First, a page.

On Inevitable Exploitation

Being exploited is unavoidable unless we try something radically new


Man with hot drink, face down on a laptop

Exploitation has been a persistent issue throughout human history, leaving a lasting impact on societies. It raises the question: Is exploitation an inherent part of civilisation? As we’ve progressed over time, has only the focus of exploitation changed?

When we consider the origins of widespread exploitation like slavery or wage labor, we may wonder with exasperation if there was a time before it existed. Throughout history, societies have oppressed certain individuals or groups to benefit others, although the methods and targets have varied.

In today’s society, exploitation operates differently. Instead of relying on force and punishment, modern systems like capitalism use incentives. Capitalists and landowners hold the rewards, enticing people to work for personal gain. This system allows for some social mobility, education, and self-improvement.

Capitalism, despite its flaws, offers opportunities for change because people are becoming more educated and aware. This opens up the possibility of collectively managing our affairs, reducing the control exerted by the capitalist class. Socialism challenges existing power structures by emphasising social ownership and democratic control of resources. However the question remains: Who would hold the rewards, and therefore the power, in a socialist society?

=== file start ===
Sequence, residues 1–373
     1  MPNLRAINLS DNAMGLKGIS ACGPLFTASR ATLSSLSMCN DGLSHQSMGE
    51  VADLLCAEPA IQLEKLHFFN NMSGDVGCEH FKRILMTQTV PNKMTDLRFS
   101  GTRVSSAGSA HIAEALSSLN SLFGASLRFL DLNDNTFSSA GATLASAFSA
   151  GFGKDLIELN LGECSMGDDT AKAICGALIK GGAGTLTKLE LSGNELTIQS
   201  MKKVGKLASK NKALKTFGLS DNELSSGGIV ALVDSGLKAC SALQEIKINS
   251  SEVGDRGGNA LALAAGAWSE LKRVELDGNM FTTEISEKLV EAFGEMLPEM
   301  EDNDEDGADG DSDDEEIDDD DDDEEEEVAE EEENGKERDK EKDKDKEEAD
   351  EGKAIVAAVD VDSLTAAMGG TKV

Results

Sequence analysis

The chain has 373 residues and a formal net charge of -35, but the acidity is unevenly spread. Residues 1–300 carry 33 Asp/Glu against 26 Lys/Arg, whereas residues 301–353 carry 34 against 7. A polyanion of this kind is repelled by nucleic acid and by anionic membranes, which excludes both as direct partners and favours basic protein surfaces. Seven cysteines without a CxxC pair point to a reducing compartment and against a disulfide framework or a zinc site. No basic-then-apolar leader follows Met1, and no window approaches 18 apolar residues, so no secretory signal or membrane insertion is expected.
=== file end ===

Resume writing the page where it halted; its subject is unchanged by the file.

The short answer is: we don’t know yet, but some ideas exist. Socialism is often seen as an alternative to capitalism, but it doesn’t necessarily represent a final solution. It is more like a transformative change aiming to create a fairer society. The outcome of such transformations is uncertain, with different visions and interpretations of socialism. So far, state socialism has been the only observed outcome of successful socialist change. However, it is mostly viewed very unfavourably in the West, as it has resulted in situations where all the rewards and means of punishment end up benefiting a group of corrupt political elites. Therefore, we should consider alternative approaches to state socialism.

Various alternative models have been proposed to transform society while addressing concerns of authoritarianism and power concentration. Examples include libertarian socialism, anarcho-syndicalism, and decentralised or non-hierarchical systems that prioritise individual autonomy and participation. Perhaps within these models lies the end of mass exploitation as we know it.

Exploitation, in some form, has persisted throughout human history. However, as civilisation has evolved, the dynamics of exploitation have shifted from traditional slavery to subtler control mechanisms like capitalism. Nevertheless, the potential for change remains, especially with movements like socialism that challenge existing power structures. It’s important to understand that socialism is not a fixed end state, but rather a stepping stone towards greater justice and equality. By exploring alternative approaches to state socialism, we can enrich the discussion and pave the way for new possibilities in shaping our collective future.

This post was written while attending Marxism Festival 2023 in London, organised by the Socialist Workers Party.